Discretionary Stocks Boost the Wells Fargo Growth Fund in YTD 2016

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Performance evaluation of the Wells Fargo Growth Fund

The past six months until August 26, 2016, have been good for the Wells Fargo Growth Fund – Class A (SGRAX). The YTD and one-year periods have not been as great, but the fund has still emerged as an above-average performer in these periods.

We have graphed its performance against two ETFs: the iShares S&P 500 Growth ETF (IVW) and the iShares Russell 1000 Growth ETF (IWF). Let’s look at what has contributed to this above-average performance by the fund in 2016 so far.

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Contribution to returns

The fund management’s stock picks from the consumer discretionary sector have been of great benefit to SGRAX in YTD 2016. Specifically, Burlington Stores (BURL) has been the chief reason why the discretionary sector has done so well. Amazon (AMZN) and Dollar Tree (DLTR) have played a key role as well. Although Delphi Automotive (DLPH) and Fiesta Restaurant Group (FRGI) have contributed negatively, their combined contribution is not very large.

The information technology sector follows the consumer discretionary sector in terms of a positive contribution to SGRAX. Microchip Technology (MCHP) has been the best performer from the sector and along with Facebook (FB) and Envestnet (ENV), it has propelled the sector’s returns.

However, Alliance Data Systems (ADS), which is no longer a part of the fund’s holdings, has led the negative contributors. Other detractors include Tableau Software (DATA) and New Relic (NEWR).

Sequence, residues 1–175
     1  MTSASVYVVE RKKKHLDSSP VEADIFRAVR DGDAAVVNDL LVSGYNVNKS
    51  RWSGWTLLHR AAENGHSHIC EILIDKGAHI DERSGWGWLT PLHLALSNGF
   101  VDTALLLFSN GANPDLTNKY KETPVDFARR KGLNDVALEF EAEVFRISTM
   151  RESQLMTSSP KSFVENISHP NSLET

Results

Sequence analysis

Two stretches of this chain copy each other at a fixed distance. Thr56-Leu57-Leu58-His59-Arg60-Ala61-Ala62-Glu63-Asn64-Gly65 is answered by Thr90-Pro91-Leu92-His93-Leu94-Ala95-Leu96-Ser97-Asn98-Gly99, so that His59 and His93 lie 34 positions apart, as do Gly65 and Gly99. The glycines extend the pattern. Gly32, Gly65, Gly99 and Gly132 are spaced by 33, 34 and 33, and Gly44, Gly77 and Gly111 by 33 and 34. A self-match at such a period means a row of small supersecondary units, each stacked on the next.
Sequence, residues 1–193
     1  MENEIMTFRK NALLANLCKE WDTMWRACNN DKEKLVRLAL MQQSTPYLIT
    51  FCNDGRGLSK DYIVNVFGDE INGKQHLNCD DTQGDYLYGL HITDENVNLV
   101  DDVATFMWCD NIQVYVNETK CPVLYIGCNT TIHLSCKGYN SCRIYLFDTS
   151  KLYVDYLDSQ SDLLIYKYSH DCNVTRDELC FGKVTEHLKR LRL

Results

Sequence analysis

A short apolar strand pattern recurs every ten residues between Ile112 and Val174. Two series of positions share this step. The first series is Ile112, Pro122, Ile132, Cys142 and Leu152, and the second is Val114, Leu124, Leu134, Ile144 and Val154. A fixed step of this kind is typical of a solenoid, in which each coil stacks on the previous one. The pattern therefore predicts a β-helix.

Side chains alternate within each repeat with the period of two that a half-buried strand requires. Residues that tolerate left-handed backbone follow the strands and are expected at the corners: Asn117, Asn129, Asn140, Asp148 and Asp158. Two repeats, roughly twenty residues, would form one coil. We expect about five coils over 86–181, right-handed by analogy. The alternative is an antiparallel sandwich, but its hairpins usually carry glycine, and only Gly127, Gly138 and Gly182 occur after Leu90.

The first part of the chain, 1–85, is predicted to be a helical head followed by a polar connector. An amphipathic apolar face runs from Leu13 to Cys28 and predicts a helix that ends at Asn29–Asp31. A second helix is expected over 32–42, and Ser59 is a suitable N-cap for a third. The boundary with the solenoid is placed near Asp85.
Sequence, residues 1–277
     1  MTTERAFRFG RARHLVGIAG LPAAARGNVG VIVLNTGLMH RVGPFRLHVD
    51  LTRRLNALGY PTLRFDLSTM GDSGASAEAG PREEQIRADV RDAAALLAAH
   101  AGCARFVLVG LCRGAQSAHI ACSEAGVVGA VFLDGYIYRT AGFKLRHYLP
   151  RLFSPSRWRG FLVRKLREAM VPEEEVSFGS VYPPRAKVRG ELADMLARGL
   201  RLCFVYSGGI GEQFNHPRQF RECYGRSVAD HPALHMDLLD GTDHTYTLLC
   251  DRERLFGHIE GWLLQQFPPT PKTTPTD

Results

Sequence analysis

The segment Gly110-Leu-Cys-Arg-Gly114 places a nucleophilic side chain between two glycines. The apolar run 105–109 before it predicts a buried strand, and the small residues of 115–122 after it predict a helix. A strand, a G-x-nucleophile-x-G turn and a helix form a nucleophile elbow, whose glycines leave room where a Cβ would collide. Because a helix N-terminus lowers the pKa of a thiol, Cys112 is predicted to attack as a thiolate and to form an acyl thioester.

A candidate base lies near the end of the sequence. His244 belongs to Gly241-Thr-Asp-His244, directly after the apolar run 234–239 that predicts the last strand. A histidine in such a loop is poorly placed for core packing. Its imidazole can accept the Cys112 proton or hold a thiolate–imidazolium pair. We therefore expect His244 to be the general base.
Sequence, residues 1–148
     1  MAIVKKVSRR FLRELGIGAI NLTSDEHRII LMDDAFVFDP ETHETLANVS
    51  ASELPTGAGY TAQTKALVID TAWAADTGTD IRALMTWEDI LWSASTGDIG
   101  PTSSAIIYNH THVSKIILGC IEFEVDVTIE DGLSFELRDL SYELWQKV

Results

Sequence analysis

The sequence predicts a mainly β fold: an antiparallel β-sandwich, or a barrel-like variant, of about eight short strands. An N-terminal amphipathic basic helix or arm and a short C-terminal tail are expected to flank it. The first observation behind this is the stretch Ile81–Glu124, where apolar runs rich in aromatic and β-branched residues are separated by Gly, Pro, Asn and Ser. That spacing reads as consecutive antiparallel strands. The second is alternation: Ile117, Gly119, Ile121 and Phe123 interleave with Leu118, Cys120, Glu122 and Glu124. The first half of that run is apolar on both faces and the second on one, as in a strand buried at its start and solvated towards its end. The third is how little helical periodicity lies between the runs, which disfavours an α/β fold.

Industrials have been led by Union Pacific (UNP), with sizable positive contributions coming from Waste Connections (WCN) and Kansas City Southern (KSU).

The healthcare sector is the main reason why the fund has not done better this year. Alexion Pharmaceuticals (ALXN) is well ahead of any other holding from the sector in terms of negative contribution. Regeneron Pharmaceuticals (REGN) and Ultragenyx Pharmaceutical (RARE) are among other major detractors.

Although Veeva Systems (VEEV) and VCA (WOOF) have been positive factors, they have not made a big dent in the overall negative contribution.

Investor takeaways

Early 2016 was not generous to the Wells Fargo Growth Fund – Class A (SGRAX), and the fund was a below-average performer until May. However, things have improved since then. Three of its top four invested sectors have fired for the fund. Had it not been for the sizable negative contribution from healthcare, the fund would have fared even better. The remainder of 2016 should be interesting to watch.

In the next article, we’ll look at the Alger Spectra Fund – Class A (SPECX).

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